“I still haven’t become the national champion at 62kg,” said Sakano, who also won a gold at the Rio 2016 test event. “What I most regret [in the final] is that I wasn’t aggressive. I’ll work on fixing that heading toward the Bill Farrell [Memorial International] in New York and the Emperor’s Cup in December, and hopefully that will bring me a national title.” 

The bronze medals went to LUO Xiaojuan (CHN), who received a victory by default over Pei, and European U23 champion Ilona PROKOPEVNIUK (UKR), who stormed to a 10-0 technical fall over Anna SHCHERBAKOVA (RUS).

Wang, a bronze medalist in Nur-Sultan at 65kg, had eased into the 68kg final with victories by technical fall and fall, but was hampered by the onset of stomach cramps against world junior champion Matsuyuki and had to make a first-period takedown stand up for a 2-1 win.

“I was thinking to attack more and get more points,” Wang said. “But because of [my condition] I couldn’t really do that.”

Wang said she felt fine about competing so soon after the World Championships. 

“There’s no problem because it was so close, because I am ready for all competitions,” she said.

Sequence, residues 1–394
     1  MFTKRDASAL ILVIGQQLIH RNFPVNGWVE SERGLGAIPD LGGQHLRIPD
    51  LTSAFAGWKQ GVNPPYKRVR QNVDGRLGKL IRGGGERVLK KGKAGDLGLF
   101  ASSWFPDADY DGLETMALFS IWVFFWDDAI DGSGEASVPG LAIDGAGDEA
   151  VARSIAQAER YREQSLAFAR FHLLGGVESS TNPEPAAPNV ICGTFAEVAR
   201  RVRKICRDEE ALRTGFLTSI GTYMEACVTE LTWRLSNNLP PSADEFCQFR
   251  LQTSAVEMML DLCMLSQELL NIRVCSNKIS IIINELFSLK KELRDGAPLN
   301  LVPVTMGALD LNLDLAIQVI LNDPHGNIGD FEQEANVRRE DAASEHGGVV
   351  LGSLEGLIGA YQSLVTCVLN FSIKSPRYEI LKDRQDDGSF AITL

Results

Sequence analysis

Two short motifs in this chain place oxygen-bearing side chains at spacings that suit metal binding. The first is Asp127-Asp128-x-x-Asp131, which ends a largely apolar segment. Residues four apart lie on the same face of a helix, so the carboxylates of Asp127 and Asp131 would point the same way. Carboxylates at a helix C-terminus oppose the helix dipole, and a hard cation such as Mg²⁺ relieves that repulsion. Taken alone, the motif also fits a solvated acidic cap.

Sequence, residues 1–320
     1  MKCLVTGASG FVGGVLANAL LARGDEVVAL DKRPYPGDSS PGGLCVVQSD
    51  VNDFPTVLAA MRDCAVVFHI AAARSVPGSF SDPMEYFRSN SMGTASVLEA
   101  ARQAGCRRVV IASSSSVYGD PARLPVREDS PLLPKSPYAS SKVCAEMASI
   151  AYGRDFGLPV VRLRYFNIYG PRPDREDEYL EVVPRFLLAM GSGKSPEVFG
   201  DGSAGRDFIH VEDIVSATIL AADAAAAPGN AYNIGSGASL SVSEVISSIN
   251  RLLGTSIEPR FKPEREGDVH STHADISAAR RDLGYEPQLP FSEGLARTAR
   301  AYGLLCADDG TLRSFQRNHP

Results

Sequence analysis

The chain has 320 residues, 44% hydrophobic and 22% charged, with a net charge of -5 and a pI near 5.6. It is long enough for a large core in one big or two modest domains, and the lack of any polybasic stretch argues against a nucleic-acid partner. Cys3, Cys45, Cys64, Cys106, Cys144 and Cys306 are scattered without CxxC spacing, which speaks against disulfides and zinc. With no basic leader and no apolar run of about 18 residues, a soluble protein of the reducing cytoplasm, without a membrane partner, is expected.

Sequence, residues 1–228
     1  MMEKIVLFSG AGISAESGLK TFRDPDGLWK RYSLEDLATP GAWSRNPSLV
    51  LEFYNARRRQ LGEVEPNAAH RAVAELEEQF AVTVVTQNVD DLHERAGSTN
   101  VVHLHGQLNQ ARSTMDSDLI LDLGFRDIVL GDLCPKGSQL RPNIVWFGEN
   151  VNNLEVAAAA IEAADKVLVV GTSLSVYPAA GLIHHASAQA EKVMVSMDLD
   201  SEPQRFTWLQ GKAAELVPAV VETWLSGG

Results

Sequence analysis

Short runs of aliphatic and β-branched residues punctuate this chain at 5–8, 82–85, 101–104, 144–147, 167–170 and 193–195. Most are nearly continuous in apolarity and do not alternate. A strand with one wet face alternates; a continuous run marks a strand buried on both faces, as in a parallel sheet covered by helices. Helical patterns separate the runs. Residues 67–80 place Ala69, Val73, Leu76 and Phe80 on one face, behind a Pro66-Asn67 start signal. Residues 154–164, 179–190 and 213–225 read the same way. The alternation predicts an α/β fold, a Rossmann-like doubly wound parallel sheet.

Taking home the bronzes were Alina RUDNYTSKA (UKR), who rode a 4-point first-period cradle to a 4-3 win over Alexandra GLAUDE (USA), and Rin MIYAJI (JPN), who rallied to defeat Alena STARODUBTSEVA (RUS), 9-6

While there was no match to decide the gold at 76kg, one bronze-medal playoff was an intriguing match-up of generations.

Justina DI STASIO (CAN), a 2018 world champion, defeated Yasuha MATSUYUKI (JPN) in one of the 76kg bronze-medal matches. (Photo: Sachiko Hotaka)

Justina DI STASIO (CAN), the 2018 world champion at 72kg, had her hands full with teenager and world junior bronze medalist Yasuha MATSUYUKI (JPN) before coming away with a 3-0 win.

Di Stasio gained a first-period point with Matsuyuki---Naruha’s twin sister---on the activity clock, then scored a single-leg takedown in the second.

“I didn’t know she was so young and then the match starts and you hear, ‘a 26-year-old versus a 19-year-old’ and I was like, ‘Man, I hope I do good against the 19-year-old,’” Di Stasio said. “She’s long, super long, so it was like trying to stay patient and not take bad, bad shots--which I did once--but I came out of it.”

Di Stasio, who gave up a last-second takedown to lose 2-2 to Zhou in the semifinals, had missed out on a place at the World Championships to Rio 2016 Olympic champion Erica WIEBE (CAN). 

With two months to prepare to challenge Wiebe for the Tokyo 2020 spot at the Canadian trials in December, she sees making the trip to compete at the Olympic venue as invaluable. 

“It just makes it so real,” Di Stasio said. “You come here and you see it all and you’re competing in the place [for the Olympics]. It was pretty real before I came here, but to be here and know what it’s like. You can very much visualize what you’re training for.